Corn futures proved quite firm Tuesday. The latest Crop Progress report indicated a two-percentage point drop in good-to-excellent corn ratings Monday afternoon. The decline was seasonal in nature and above the 10-year average, but traders were apparently anticipating a better result. Having the latest weather forecasts prove less favorable for late July probably encouraged buying as well. September corn futures surged 9.0 cents to $5.4525/bushel at its Tuesday close, while December climbed 7.25 cents to $5.1075.

Soybeans led the crop markets higher in Tuesday trading. Old crop concerns apparently boosted bean and meal values, with the diminished result on the Crop Progress report and less auspicious weather forecasts boosting the new crop contracts. The oil market again struggled with Asian palm oil weakness and the potential for excess domestic supplies as the industry crushes for meal. August soybean futures jumped 21.5 cents to $14.7525/bushel at the Tuesday afternoon settlement, while August soyoil skidded 0.13 cents to 45.71 cents/pound and August soymeal leapt $13.1 to $466.8/ton.

Wheat futures were less resilient than corn and soybeans Tuesday. Golden grain prices rose along with their crop counterparts in early trading, but gave back a substantial portion of those gains before noon. Wire service reports cited profit-taking on previously established longs, but one has to wonder if having the winter wheat harvest nearing completion is weighing upon prices to some extent. September CBOT wheat closed unchanged at $6.695/bushel Tuesday afternoon, while September KCBT wheat edged 2.75 cents higher to $7.0375 and September MGE futures lifted 4.75 cents to $7.59.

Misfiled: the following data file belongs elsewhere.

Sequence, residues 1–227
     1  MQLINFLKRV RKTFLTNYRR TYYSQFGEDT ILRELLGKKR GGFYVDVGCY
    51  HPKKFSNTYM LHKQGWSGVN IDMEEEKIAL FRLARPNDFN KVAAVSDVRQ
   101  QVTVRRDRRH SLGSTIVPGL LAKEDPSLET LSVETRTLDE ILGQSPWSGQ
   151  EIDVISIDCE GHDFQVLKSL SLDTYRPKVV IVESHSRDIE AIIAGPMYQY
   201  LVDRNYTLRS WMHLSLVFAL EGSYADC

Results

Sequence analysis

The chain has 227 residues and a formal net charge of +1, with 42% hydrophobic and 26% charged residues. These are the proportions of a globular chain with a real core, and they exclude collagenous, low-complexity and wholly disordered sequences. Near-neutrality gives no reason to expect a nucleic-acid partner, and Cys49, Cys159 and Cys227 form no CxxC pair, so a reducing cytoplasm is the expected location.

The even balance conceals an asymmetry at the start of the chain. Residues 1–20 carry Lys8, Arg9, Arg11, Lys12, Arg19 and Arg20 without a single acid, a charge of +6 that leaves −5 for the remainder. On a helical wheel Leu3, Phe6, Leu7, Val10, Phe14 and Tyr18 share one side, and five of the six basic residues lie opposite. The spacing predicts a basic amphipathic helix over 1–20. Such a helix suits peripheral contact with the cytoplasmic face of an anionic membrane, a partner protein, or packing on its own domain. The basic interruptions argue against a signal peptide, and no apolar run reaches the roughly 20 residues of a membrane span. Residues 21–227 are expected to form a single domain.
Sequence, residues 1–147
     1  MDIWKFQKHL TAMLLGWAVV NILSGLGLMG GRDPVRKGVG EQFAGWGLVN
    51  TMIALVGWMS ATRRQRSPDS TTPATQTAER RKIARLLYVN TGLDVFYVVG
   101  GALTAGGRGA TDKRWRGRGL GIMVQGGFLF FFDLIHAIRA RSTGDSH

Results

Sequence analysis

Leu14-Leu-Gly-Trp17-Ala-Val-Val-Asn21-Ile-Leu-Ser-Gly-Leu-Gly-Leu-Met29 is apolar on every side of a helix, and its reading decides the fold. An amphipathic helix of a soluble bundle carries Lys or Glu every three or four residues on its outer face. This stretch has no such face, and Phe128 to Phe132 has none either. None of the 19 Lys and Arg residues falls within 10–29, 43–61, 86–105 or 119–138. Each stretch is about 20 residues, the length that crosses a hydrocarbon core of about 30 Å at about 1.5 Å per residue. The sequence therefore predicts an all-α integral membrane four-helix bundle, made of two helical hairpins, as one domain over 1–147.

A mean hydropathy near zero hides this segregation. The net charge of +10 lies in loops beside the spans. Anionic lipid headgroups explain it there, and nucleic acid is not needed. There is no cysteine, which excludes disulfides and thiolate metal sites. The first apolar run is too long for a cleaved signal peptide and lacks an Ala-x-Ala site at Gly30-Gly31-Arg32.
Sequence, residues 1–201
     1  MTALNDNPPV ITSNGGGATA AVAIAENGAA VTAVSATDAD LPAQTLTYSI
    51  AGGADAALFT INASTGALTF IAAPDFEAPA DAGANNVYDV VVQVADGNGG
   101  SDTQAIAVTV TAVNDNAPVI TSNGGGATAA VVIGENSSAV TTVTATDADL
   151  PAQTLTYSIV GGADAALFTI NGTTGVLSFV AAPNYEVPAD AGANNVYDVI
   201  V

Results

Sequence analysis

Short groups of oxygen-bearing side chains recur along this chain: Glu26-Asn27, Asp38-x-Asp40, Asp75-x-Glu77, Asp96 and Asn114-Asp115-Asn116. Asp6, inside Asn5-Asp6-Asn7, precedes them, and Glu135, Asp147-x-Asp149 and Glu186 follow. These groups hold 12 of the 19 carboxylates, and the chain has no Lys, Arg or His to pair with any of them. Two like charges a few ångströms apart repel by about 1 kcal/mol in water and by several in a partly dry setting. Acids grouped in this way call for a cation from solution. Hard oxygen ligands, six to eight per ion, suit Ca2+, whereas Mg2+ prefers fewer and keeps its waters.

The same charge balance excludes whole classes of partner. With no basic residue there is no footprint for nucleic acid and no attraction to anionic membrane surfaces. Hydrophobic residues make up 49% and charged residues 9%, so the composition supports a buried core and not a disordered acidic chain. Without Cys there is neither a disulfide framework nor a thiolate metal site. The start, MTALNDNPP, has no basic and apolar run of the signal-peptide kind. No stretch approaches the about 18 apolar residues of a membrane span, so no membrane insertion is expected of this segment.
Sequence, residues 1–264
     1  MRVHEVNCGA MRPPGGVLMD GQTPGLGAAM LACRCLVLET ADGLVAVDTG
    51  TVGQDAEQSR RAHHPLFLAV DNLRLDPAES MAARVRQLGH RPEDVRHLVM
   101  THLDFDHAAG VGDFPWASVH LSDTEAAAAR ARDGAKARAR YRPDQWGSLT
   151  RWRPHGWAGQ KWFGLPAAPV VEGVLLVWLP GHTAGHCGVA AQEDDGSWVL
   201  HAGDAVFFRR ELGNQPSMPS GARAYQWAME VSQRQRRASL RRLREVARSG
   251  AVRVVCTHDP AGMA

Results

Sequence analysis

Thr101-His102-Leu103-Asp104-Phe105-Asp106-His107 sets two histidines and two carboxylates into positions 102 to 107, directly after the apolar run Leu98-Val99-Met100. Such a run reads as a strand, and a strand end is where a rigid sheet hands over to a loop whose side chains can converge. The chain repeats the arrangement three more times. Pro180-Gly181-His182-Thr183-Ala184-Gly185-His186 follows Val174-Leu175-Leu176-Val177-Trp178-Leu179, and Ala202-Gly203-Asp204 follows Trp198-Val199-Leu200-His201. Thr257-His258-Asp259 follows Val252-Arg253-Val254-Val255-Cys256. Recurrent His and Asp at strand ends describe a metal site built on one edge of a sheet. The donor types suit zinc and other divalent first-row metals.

Wholesale weakness seemingly weighed upon cattle futures Tuesday. Traders continue looking for a seasonal low in cattle and beef prices, which explains a portion of recent strength. However, talk of fresh wholesale weakness, which was later confirmed by the USDA, appeared to undercut CME futures as the day passed. August cattle declined 0.32 cents to 122.12 cents/pound as trading ended Tuesday, while December slid 0.12 cents to 128.70. August feeder futures declined 0.10 cents to 152.55 cents/pound, and November edged 0.02 cents higher to 158.10.

Hog futures proved more resilient than cattle Tuesday. The CME was rather impressive, since cash and wholesale prices were rather weak. Wire service reports cited forecasts for rising summer heat (which tends to reduce hog weights and short-term sales) and talk of significant piglet losses to PEDV disease. August hog futures settled 0.75 cents higher at 96.30 cents/pound Tuesday afternoon, while December rallied 0.80 cents to 82.50.